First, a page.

Get the Math

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I teach a cross-categorical special education class of 6th- and 7th-grade students. I used this lesson yesterday, and it was AWESOME! The kids loved it. They were totally engaged. Thank you!

-- A Get the Math teacher

Program Type

Curriculum/Instructional Materials
Informal /Out of School

Target Audience

All Students

Location

Nationwide

Grades

Grades 6 - 8
Grades 9 - 12

 Promising link

Program Impact

Since 2011, Get the Math has reached 240,000 web users and aired in 54 percent of U.S. TV households in 92 markets across the country. Formative evaluation found Get the Math helped students produce more sophisticated algebraic solutions and identify ways algebra is used in the real world, while teachers rated Get the Math positively for educational value, usefulness and student engagement.

 

Program Overview

Get the Math is a multimedia project that combines video and web interactivity to help middle and high school students develop algebraic reasoning skills that form a critical building block for mathematical literacy.

Get the Math is a multimedia project that combines video and web interactivity to help middle and high school students develop algebraic reasoning skills that form a critical building block for mathematical literacy. Drawing on conventions of popular reality TV shows, Get the Math engages students in exploring the math in music, fashion, videogames, restaurants, basketball and special effects.

Get the Math lessons begin with video segments profiling young professionals, who then pose challenges connected to their jobs to two teams of teens. Students are encouraged to try the challenges themselves using interactive tools on the project website before watching a video of two teams of teens sharing their solutions. Students can further explore similar and extended algebraic concepts—such as proportional reasoning, line of best fit, linear equations, quadratic functions and inverse relationships—with more interactive challenges.

Get the Math is designed to support a diverse spectrum of students with different learning styles and abilities, especially those who struggle with traditional math lessons. Real-world contexts of interest to teens, animation, graphics, music, a multiracial cast and the reality-show production style are engage a wide range of learners, including minority students. The goal is to help provide all students, not just a select few, with access to a mathematical learning environment that helps prepare them for both college and the world of work.

Teacher resources on the website include a training video showing how to use project materials in the classroom, a teacher’s guide with lessons plans aligned to the Common Core Content and Mathematical Practices Standards, student handouts and solutions with multiple strategies.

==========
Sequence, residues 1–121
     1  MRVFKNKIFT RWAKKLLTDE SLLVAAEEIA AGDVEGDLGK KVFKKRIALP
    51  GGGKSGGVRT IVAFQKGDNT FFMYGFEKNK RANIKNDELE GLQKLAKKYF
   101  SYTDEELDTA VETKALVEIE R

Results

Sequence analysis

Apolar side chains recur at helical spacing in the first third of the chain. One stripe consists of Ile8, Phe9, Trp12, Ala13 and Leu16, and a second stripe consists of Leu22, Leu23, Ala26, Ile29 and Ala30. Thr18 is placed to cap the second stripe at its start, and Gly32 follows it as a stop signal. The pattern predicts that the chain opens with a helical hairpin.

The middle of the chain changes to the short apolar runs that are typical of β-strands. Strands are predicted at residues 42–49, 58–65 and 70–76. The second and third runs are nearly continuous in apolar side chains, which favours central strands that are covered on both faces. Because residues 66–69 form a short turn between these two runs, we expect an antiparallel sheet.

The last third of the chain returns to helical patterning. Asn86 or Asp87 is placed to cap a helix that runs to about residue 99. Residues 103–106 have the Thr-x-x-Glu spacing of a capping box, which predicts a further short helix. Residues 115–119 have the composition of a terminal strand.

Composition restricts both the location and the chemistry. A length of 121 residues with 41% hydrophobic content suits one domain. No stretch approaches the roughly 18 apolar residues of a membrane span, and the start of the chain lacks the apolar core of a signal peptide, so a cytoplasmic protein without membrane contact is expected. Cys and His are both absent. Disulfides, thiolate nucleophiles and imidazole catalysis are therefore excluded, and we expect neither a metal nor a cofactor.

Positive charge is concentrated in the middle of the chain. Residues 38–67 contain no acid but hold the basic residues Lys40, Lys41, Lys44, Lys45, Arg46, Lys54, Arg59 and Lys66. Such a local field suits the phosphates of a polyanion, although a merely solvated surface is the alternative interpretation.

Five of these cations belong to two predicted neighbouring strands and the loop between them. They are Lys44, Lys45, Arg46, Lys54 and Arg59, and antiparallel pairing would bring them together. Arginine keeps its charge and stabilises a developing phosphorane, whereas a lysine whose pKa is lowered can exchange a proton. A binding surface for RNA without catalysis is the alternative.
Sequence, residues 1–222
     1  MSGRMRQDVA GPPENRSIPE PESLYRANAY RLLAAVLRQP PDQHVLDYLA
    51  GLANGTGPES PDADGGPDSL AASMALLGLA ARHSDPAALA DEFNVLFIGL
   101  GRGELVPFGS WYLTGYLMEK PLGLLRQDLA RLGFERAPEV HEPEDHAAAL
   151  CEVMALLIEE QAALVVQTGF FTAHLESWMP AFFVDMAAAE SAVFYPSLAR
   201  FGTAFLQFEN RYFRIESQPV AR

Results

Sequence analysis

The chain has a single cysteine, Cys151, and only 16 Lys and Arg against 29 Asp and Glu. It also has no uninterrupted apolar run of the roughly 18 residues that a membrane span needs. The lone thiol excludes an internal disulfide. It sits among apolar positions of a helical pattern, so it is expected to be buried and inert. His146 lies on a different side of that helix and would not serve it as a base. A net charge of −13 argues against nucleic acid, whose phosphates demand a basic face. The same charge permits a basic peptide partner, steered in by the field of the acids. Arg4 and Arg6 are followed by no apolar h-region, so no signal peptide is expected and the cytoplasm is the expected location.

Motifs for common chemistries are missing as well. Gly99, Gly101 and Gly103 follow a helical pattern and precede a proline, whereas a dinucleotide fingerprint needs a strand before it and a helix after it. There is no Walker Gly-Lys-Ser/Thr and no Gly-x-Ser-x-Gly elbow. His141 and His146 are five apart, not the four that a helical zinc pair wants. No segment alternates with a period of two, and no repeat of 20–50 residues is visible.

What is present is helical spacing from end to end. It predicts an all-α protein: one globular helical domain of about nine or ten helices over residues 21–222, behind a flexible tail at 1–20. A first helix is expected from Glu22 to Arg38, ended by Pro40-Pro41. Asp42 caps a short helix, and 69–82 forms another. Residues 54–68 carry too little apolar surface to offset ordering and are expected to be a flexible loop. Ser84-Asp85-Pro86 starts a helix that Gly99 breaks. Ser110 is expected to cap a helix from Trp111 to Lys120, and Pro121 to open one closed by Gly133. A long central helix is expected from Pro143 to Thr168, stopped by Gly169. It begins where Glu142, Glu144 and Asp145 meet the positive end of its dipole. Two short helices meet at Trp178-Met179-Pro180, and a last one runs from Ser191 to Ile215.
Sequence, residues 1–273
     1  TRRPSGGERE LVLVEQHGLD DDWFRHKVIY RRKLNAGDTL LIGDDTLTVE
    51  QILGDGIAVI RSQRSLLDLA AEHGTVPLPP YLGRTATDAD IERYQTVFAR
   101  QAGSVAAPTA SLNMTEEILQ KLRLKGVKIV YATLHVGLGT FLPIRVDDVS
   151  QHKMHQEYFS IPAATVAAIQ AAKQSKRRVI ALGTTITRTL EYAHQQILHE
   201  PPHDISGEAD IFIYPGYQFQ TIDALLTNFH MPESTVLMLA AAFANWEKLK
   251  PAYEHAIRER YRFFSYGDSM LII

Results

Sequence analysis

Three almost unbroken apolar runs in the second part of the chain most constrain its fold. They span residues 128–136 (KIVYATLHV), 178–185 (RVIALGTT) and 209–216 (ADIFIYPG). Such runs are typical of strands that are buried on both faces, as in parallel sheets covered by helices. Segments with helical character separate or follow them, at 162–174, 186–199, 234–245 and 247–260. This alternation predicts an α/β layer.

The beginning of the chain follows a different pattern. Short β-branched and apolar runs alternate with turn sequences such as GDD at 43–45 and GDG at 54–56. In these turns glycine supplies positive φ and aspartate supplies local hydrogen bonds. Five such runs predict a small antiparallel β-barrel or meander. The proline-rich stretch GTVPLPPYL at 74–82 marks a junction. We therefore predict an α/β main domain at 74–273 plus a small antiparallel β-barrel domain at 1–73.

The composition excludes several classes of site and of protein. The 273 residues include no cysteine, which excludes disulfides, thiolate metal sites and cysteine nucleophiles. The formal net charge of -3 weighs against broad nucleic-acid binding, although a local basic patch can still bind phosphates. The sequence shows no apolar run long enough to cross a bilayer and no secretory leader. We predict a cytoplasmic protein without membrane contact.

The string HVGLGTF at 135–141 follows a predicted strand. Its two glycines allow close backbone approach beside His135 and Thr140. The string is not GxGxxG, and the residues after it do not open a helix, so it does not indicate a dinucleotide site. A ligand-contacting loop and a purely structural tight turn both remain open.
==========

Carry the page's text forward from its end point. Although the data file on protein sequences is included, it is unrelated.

Get the Math has earned a number of awards and honors, including:

  • 2014 Parents Choice Award (Gold)
  • 2013 Daytime Emmy Nominee – Outstanding New Approaches
  • 2012 New York Emmy Award – Outstanding Informational/Educational Program
  • 2012 National Educational Telecommunications Association Award for Instructional Media
  • 2012 Webby Awards – Honoree (Education)
  • 2012 Japan Prize International Contest for Educational Media – Finalist (Youth)
  • 2011 Gold Parents’ Choice Award (TV Programs – Children)
  • 2011 CINE Golden Eagle Award
  • 2011 Chicago International Film and Video Festival – Silver HUGO
  • 2011 US International Film and Video Festival Certificate for Creative Excellence
How To Get Involved

There are a number of opportunities to support Get the Math, from funding additional teacher training and outreach to supporting the production and distribution of new Get the Math content modules.

Funders and Partners

Next Generation Learning Challenges
The Moody’s Foundation

Contacts

Jill Peters (peters@thirteen.org)
Michelle Chen (chenm@thirteen.org)

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Design Principles

The programs in this database clear a high bar. STEMworks reviewed each program against CTEq's Design Principles for Effective STEM Philanthropy.

  • Accomplished
  • Developing
  • Undeveloped

Overarching Principles

  • Need

    Identify and target a compelling and well-defined need.

  • Evaluation

    Use rigorous evaluation to continuously measure and inform progress towards the compelling need identified.

  • Sustainability

    Ensure work is sustainable.

  • Replication and Scalability

    Demonstrate replicability and scalability.

  • Partnerships

    Create high impact partnerships

  • Capacity

    Ensure organizational capacity to achieve goals.

STEM Principles

  • Challenging and Relevant Content

    Offer challenging and relevant STEM content for the target audience

  • STEM Practices

    Incorporate and encourage STEM practices.

  • Inspiration

    Inspire interest and engagement in STEM.

  • Under-Represented Groups

    Identify and address the needs of under-represented groups.